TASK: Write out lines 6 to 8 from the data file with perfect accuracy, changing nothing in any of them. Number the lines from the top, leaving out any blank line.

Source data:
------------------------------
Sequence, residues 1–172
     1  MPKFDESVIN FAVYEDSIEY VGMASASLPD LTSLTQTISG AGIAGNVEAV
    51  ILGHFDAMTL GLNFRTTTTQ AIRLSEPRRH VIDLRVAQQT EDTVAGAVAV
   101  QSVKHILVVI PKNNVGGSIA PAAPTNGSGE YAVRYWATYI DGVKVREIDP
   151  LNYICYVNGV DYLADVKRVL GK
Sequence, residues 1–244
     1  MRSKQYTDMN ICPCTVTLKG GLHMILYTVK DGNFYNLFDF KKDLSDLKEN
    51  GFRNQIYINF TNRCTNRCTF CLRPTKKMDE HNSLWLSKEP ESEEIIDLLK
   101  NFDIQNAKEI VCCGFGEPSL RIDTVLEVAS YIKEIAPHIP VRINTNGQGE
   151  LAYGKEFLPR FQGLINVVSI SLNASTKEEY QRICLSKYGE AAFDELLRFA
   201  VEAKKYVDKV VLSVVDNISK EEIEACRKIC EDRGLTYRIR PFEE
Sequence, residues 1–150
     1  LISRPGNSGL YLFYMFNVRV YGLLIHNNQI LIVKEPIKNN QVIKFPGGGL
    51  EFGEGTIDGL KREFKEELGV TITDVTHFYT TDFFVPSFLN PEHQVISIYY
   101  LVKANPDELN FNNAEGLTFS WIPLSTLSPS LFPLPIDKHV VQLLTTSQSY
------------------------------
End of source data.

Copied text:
Sequence, residues 1–244
     1  MRSKQYTDMN ICPCTVTLKG GLHMILYTVK DGNFYNLFDF KKDLSDLKEN
    51  GFRNQIYINF TNRCTNRCTF CLRPTKKMDE HNSLWLSKEP ESEEIIDLLK